The world's tiger species are distributed throughout geographically diverse regions of Asia. According to the Miami Museum of Science and the World Wildlife Federation, tigers reside chiefly in India, China, Korea and Russia as well as in Thailand and Malaysia.
According to the Miami Museum of Science, five subspecies of tiger remain as of the 21st century: the Bengal, Siberian, Sumatran, and Indo-Chinese (which includes two types). The Bengal is found mostly in India though there are also smaller populations dispersed through Bhutan, China, Myanmar (formerly Burma) and China. The Sumatran tiger is found on the Malaysian island of Sumatra; the Indo-Chinese subspecies is located in India and China. The Siberian Tiger, or Amur, is located primarily in the birch forests of Russia though it is believed that some isolated populations live in Korea and China.
In warmer environments, tigers generally prefer habitats such as rain forests, grasslands and swamps. These types of terrain offer protection from the intense sunlight found in these climates to which the tiger is quite sensitive. They also offer excellent cover and camouflage for the tiger, making it a more effective predator.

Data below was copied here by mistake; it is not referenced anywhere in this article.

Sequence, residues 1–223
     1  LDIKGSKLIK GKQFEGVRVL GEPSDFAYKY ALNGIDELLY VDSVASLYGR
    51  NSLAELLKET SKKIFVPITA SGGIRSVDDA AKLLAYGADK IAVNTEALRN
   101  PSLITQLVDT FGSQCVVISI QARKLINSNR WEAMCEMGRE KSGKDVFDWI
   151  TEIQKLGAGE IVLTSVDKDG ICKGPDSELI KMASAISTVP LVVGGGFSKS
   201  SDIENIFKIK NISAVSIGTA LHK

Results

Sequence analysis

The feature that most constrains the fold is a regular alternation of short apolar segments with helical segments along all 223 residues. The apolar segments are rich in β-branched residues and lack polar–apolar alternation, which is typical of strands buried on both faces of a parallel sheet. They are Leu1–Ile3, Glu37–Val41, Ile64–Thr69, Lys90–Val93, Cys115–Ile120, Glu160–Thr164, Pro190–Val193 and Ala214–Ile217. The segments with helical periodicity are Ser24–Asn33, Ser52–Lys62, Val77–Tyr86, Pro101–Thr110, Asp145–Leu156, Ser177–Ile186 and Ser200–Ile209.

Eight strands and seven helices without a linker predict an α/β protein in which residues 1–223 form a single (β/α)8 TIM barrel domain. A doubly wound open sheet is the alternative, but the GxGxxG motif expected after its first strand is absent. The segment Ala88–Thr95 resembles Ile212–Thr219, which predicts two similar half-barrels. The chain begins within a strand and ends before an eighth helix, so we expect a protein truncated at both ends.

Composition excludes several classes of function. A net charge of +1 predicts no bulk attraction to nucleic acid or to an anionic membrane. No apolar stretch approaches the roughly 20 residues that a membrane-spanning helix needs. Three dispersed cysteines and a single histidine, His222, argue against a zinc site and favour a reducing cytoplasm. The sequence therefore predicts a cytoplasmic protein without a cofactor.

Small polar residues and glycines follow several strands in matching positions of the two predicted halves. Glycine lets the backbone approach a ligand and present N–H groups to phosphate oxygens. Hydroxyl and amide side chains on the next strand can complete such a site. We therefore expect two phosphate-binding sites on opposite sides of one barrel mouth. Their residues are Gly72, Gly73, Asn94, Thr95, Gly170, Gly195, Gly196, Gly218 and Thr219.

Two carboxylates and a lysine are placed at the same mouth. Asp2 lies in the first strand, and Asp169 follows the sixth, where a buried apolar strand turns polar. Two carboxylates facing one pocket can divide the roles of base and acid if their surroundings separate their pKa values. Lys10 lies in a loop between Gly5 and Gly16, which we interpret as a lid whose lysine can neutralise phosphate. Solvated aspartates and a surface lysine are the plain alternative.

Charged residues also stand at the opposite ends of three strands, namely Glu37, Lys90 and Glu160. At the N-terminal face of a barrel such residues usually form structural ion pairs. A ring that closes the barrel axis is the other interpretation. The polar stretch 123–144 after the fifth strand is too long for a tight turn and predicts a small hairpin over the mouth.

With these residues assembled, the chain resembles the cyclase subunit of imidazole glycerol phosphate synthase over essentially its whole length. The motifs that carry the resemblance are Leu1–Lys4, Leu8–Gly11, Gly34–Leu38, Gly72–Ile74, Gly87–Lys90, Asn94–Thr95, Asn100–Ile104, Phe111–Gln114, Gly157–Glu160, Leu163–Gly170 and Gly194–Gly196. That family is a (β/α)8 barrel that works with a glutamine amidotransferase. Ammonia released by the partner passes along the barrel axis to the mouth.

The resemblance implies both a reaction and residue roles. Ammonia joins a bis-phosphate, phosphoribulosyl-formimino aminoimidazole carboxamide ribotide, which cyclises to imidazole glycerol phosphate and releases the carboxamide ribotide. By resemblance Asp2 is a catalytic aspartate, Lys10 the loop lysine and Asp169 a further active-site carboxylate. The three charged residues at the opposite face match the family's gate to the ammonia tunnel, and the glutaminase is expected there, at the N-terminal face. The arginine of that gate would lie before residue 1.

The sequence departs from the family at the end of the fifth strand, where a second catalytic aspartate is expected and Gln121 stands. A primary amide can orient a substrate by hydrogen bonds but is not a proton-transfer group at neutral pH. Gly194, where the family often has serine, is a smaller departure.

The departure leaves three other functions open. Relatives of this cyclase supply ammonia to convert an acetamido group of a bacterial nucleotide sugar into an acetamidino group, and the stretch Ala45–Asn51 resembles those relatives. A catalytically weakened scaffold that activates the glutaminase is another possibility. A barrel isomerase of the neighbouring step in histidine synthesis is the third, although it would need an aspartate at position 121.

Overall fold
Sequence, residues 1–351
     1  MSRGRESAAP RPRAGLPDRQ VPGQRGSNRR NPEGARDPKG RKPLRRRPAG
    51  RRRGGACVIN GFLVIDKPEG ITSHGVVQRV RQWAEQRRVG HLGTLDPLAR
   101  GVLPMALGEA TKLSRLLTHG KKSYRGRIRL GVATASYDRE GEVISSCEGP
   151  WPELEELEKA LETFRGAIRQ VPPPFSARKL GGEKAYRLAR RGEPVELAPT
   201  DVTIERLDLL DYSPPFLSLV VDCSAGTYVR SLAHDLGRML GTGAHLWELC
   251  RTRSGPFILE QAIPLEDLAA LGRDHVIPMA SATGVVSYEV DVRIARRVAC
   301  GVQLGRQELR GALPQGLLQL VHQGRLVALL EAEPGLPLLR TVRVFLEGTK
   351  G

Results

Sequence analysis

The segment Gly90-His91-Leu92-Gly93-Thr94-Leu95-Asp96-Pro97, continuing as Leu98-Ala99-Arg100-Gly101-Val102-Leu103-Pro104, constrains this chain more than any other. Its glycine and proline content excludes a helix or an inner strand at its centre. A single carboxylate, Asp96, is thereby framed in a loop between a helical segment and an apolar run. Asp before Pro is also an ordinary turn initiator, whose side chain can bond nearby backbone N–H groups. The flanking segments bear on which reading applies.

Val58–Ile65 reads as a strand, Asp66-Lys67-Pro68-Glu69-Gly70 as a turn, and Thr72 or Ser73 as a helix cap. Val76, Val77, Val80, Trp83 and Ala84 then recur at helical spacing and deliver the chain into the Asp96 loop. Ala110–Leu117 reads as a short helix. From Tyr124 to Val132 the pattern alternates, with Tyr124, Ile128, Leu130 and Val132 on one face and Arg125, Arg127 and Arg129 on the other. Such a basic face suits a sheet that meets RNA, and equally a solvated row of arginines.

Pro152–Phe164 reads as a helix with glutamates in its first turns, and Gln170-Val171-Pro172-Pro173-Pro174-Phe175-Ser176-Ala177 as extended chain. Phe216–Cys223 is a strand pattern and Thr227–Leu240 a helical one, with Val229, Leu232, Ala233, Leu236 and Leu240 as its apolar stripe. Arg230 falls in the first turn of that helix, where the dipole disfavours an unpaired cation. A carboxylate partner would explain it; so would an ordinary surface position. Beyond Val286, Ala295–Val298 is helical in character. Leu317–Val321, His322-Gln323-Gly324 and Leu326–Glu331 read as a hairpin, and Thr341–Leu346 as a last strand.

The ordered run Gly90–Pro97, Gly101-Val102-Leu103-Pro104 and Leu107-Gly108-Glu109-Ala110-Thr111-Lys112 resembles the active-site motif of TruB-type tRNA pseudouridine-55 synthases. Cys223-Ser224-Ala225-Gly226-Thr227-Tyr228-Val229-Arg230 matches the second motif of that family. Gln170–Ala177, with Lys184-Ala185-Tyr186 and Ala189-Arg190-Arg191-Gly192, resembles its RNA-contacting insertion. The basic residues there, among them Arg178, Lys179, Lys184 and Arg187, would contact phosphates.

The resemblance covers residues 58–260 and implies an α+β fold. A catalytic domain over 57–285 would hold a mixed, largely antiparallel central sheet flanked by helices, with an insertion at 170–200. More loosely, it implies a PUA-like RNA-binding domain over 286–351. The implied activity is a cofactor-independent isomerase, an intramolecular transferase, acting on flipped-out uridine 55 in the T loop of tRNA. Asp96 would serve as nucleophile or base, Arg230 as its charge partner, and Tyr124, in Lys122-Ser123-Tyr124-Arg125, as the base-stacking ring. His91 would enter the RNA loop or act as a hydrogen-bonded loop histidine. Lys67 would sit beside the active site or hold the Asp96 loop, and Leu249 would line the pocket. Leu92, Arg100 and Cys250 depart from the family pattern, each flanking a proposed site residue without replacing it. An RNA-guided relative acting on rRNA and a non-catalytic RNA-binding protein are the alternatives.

According to the WWF, the most extreme threats to tiger populations come from expanding human populations, destruction of habitat, poaching and retaliatory killing. As a result of these and similar phenomena, three known tiger species are already extinct: the Caspian, Javan and Balinese.